You can access the database of the research here via The Center for Digital Research in the Humanities archive.

I have been working on these cases to write a book about the families. The story of Ann came out of this research. At first we didn’t know who Ann Williams was, but it became clear after looking at things like affidavits and receipts of payment who she was.

Alexander Rider, “But I did not want to go…” from Torrey, A Portraiture of Domestic Slavery (43) Stanford Special Collections.

For example, this receipt shows that a man named George Miller paid $5 for Ann. The price of an enslaved woman or man was around $180 or $200. The date and the price, as well as the purchaser’s name, tell us that this is the woman that jumped out of the window at Miller’s F St. tavern in 1815 and broke her back and arms. We are able to put those pieces together like a historical cold case, and this entirely different proposition came forward for who Ann was and why she jumped out of the window.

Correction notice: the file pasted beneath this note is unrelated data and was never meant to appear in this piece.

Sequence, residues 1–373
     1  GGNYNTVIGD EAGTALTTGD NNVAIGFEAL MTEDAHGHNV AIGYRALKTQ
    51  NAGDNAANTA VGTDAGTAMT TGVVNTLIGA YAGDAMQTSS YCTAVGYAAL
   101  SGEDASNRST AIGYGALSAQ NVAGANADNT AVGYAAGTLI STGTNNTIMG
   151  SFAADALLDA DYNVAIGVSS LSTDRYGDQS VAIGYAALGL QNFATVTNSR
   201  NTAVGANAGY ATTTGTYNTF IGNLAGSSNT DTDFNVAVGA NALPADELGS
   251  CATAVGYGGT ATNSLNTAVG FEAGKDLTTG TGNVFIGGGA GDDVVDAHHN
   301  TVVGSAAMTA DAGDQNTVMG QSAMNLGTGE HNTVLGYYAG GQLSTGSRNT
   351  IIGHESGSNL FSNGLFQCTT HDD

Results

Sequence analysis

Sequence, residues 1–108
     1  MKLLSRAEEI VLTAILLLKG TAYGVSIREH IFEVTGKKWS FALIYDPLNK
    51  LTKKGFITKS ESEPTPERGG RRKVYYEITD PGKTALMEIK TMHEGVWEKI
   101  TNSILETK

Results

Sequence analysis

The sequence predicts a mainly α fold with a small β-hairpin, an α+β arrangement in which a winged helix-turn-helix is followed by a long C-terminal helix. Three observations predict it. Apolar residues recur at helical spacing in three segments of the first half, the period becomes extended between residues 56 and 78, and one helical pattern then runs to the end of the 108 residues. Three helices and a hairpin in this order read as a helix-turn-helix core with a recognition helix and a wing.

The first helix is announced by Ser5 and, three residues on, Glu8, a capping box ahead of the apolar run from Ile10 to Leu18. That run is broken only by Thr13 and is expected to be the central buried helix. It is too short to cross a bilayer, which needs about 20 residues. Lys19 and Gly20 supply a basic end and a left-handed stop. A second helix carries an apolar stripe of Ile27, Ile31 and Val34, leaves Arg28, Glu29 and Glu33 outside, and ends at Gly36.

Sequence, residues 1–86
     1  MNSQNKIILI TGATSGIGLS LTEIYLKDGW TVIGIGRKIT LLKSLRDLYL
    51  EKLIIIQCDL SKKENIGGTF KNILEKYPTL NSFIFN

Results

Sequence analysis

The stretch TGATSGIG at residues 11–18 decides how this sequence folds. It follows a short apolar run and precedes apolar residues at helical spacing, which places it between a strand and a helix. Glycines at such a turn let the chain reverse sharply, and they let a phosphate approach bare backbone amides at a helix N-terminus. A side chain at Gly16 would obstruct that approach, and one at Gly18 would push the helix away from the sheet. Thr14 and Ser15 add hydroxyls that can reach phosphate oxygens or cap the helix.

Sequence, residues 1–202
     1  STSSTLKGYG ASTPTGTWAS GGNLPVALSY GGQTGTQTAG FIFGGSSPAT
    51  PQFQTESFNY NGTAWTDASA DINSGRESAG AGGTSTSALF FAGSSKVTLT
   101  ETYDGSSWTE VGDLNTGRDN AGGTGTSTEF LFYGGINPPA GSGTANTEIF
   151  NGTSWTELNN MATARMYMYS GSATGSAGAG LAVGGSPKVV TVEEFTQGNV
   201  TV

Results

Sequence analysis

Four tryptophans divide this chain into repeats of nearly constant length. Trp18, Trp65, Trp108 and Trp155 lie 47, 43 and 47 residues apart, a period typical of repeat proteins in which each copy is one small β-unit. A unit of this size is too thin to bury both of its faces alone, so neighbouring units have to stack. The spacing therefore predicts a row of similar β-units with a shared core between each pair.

Receipt for the purchase of Ann[a] Williams. Photo courtesy of The Center for Digital Research Humanities archive.

SPN: Do you think this collaboration is an innovative way to tell stories?

KD: I think technology is changing the way children learn in the classroom.

WGT: We are giving them these raw materials of the past so that a young student can hold things like a receipt of payment for a slave in their hand and consider what it really means. It’s called historical thinking, it’s already happening in colleges, and I think it’s going to move its way through the K-12 curriculum within the next five to ten years. These tools and windows to the past are not only going to be necessary, but highly valued as well.

KD: That’s what makes this project personal for the audience. Now I can ask my students what it feels like when there is a piece of paper that says you are no longer an enslaved person. That is something to fathom and interpret.